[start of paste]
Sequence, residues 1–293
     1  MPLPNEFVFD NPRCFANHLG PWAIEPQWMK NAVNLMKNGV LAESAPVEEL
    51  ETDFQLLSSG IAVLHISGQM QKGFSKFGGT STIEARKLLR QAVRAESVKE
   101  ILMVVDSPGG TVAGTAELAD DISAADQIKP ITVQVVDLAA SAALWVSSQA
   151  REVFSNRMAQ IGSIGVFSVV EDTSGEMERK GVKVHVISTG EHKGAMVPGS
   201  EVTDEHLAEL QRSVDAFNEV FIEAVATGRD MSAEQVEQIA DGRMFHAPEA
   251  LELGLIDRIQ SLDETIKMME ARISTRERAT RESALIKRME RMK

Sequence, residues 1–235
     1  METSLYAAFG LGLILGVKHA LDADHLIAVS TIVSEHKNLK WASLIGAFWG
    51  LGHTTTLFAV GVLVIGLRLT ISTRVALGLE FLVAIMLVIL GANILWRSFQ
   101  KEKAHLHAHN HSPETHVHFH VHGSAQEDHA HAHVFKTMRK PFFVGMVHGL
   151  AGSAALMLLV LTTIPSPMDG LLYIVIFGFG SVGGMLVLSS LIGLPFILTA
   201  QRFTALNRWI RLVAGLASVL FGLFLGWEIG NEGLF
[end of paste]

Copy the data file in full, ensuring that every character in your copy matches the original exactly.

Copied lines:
Sequence, residues 1–293
     1  MPLPNEFVFD NPRCFANHLG PWAIEPQWMK NAVNLMKNGV LAESAPVEEL
    51  ETDFQLLSSG IAVLHISGQM QKGFSKFGGT STIEARKLLR QAVRAESVKE
   101  ILMVVDSPGG TVAGTAELAD DISAADQIKP ITVQVVDLAA SAALWVSSQA
   151  REVFSNRMAQ IGSIGVFSVV EDTSGEMERK GVKVHVISTG EHKGAMVPGS
   201  EVTDEHLAEL QRSVDAFNEV FIEAVATGRD MSAEQVEQIA DGRMFHAPEA
   251  LELGLIDRIQ SLDETIKMME ARISTRERAT RESALIKRME RMK

Sequence, residues 1–235
     1  METSLYAAFG LGLILGVKHA LDADHLIAVS TIVSEHKNLK WASLIGAFWG
    51  LGHTTTLFAV GVLVIGLRLT ISTRVALGLE FLVAIMLVIL GANILWRSFQ
   101  KEKAHLHAHN HSPETHVHFH VHGSAQEDHA HAHVFKTMRK PFFVGMVHGL
   151  AGSAALMLLV LTTIPSPMDG LLYIVIFGFG SVGGMLVLSS LIGLPFILTA
   201  QRFTALNRWI RLVAGLASVL FGLFLGWEIG NEGLF